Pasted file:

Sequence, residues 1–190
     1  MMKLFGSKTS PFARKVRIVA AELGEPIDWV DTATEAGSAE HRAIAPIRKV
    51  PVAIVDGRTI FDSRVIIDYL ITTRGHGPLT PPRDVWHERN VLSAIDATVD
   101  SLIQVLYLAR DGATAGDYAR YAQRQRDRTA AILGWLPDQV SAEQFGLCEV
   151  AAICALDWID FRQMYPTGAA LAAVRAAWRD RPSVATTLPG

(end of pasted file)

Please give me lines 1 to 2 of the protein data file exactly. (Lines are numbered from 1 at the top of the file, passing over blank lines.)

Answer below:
Sequence, residues 1–190
     1  MMKLFGSKTS PFARKVRIVA AELGEPIDWV DTATEAGSAE HRAIAPIRKV